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Full-Text Articles in Law

Everything Old Is New Again: Does The '.Sucks' Gtld Change The Regulatory Paradigm In North America?, Jacqueline D. Lipton Jan 2019

Everything Old Is New Again: Does The '.Sucks' Gtld Change The Regulatory Paradigm In North America?, Jacqueline D. Lipton

Articles

In 2012, the Internet Corporation for Assigned Names and Numbers (“ICANN”) took the unprecedented step of opening up the generic Top Level Domain (“gTLD”) space for entities who wanted to run registries for any new alphanumeric string “to the right of the dot” in a domain name. After a number of years of vetting applications, the first round of new gTLDs was released in 2013, and those gTLDs began to come online shortly thereafter. One of the more contentious of these gTLDs was “.sucks” which came online in 2015. The original application for the “.sucks” registry was somewhat contentious with ...


Antibiotic Resistance, Jessica D. Litman Jan 2012

Antibiotic Resistance, Jessica D. Litman

Articles

Ten years ago, when I wrote War Stories,' copyright lawyers were fighting over the question whether unlicensed personal, noncommercial copying, performance or display would be deemed copyright infringement. I described three strategies that lawyers for book publishers, record labels, and movie studios had deployed to try to assure that the question was answered the way they wanted it to be. First, copyright owners were labeling all unlicensed uses as "piracy" on the ground that any unlicensed use might undermine copyright owners' control. That epithet helped to obscure the difference between unlicensed uses that invaded defined statutory exclusive rights and other ...


Bad Faith In Cyberspace: Grounding Domain Name Theory In Trademark, Property And Restitution, Jacqueline D. Lipton Jan 2010

Bad Faith In Cyberspace: Grounding Domain Name Theory In Trademark, Property And Restitution, Jacqueline D. Lipton

Articles

The year 2009 marks the tenth anniversary of domain name regulation under the Anti-Cybersquatting Consumer Protection Act (ACPA) and the Uniform Domain Name Dispute Resolution Policy (UDRP). Adopted to combat cybersquatting, these rules left a confused picture of domain name theory in their wake. Early cybersquatters registered Internet domain names corresponding with others’ trademarks to sell them for a profit. However, this practice was quickly and easily contained. New practices arose in domain name markets, not initially contemplated by the drafters of the ACPA and the UDRP. One example is clickfarming – using domain names to generate revenues from click-on advertisements ...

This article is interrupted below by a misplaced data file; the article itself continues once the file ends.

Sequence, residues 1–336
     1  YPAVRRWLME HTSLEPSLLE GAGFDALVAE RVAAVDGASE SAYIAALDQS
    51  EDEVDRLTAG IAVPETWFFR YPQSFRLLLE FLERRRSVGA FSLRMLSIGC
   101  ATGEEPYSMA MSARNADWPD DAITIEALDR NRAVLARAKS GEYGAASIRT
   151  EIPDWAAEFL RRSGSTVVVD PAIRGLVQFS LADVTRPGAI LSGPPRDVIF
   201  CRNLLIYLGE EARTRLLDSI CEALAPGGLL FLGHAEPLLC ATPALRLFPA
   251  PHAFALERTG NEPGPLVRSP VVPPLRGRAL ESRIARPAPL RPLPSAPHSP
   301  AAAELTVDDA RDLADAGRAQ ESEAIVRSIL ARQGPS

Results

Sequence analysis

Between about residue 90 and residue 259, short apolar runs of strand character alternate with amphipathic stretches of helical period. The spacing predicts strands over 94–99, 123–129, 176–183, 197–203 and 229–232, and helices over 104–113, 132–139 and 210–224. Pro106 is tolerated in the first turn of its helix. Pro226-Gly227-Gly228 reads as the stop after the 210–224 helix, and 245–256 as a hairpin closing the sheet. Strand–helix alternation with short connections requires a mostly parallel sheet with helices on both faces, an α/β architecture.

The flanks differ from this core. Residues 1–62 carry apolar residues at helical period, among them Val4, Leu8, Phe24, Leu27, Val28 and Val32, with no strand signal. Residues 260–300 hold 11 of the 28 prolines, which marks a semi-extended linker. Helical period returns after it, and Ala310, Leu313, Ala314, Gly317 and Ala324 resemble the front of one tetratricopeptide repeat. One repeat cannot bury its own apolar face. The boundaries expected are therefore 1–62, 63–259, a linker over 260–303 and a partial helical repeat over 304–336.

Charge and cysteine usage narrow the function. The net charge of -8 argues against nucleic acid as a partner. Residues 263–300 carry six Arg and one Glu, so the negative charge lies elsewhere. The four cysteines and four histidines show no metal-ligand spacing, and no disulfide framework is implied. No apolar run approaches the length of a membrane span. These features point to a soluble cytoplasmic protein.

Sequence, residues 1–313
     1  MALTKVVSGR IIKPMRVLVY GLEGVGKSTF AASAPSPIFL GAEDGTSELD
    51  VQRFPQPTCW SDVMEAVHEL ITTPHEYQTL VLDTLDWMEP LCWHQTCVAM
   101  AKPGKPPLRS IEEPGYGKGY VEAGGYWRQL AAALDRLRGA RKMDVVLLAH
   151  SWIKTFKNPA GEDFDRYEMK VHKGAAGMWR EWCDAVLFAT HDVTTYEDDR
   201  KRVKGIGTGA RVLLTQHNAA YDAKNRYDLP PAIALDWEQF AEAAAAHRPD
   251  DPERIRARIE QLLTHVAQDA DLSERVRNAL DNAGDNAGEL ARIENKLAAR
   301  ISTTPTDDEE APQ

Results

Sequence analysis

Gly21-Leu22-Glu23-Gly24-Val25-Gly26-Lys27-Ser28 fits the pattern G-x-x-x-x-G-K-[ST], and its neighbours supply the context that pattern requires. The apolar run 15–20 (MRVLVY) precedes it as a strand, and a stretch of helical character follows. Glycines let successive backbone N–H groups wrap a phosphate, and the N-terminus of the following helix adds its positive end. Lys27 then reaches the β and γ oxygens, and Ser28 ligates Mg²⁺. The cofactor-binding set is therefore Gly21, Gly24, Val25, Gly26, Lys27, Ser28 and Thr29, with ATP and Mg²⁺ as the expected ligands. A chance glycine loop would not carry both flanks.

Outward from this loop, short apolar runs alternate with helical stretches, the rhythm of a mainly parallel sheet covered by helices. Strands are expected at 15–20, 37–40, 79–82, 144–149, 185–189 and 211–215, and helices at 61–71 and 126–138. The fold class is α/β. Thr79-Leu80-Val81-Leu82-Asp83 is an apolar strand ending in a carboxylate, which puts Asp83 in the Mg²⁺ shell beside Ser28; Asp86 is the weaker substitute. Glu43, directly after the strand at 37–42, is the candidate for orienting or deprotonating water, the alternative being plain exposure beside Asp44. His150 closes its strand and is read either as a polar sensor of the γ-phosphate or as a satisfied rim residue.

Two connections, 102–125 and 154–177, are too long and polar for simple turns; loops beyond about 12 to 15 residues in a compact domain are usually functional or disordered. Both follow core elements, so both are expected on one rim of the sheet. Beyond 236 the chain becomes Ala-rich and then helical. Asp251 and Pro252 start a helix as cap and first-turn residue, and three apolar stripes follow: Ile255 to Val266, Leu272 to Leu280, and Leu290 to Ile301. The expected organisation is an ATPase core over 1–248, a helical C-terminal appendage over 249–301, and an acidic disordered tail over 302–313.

Billowing White Goo, Jessica D. Litman Jan 2008

Billowing White Goo, Jessica D. Litman

Articles

The title of this symposium is the question: "Fair Use: "Incredibly Shrinking" or Extraordinarily Expanding?" I'd argue that the answer to the question is "no." Fair use isn't doing either. The size of the fair use footprint has stayed remarkably constant over the past 30 or even 50 years. What has expanded, extraordinarily, is the size of rights granted by the copyright law. It may seem as if fair use is either expanding or shrinking, because the greater reach of copyright has made a bunch of uses potentially fair that weren't even potentially infringing 50 years ago ...


The Narratives Of Cyberspace Law (Or, Learning From Casablanca), Michael J. Madison Jan 2004

The Narratives Of Cyberspace Law (Or, Learning From Casablanca), Michael J. Madison

Articles

Cyberspace scholars have wrestled extensively with the question of the "right" metaphorical approach to the Internet, in order to guide legal and policy decisions. Literary theorists have wrestled with the perception that cyberspace undermines conventional ideas about narrative. This Essay suggests that each group could learn from the other. Cyberspace tells a better story than literary scholars believe, and the lawyers should pay more attention to the narrative attributes of cyberspace. To illustrate the argument, the Essay proposes a specific story framework for cyberspace: the film Casablanca.


The Internet, Innovation, And Intellectual Property Policy, Philip J. Weiser Jan 2003

The Internet, Innovation, And Intellectual Property Policy, Philip J. Weiser

Articles

The Internet continues to transform the information industries and challenge intellectual property law to develop a competition policy strategy to regulate networked products. In particular, inventors of "information platforms" that support the viewing of content-be they instant messaging systems, media players, or Web browsers-face a muddled set of legal doctrines that govern the scope of available intellectual property protection. This uncertainty reflects a fundamental debate about what conditions will best facilitate innovation in the information industries--a debate most often played out at the conceptual extremes between the "commons" and "proprietary control" approaches to the Internet and intellectual property policy.

This ...


Regulatory Challenges And Models Of Regulation, Philip J. Weiser Jan 2003

Regulatory Challenges And Models Of Regulation, Philip J. Weiser

Articles

No abstract provided.


Icann's "Uniform Dispute Resolution Policy"- Causes And (Partial) Cures, A. Michael Froomkin Jan 2002

Icann's "Uniform Dispute Resolution Policy"- Causes And (Partial) Cures, A. Michael Froomkin

Articles

No abstract provided.


Law And Information Platforms, Philip J. Weiser Jan 2002

Law And Information Platforms, Philip J. Weiser

Articles

No abstract provided.


The Empire Strikes Back, A. Michael Froomkin Jan 1998

The Empire Strikes Back, A. Michael Froomkin

Articles

No abstract provided.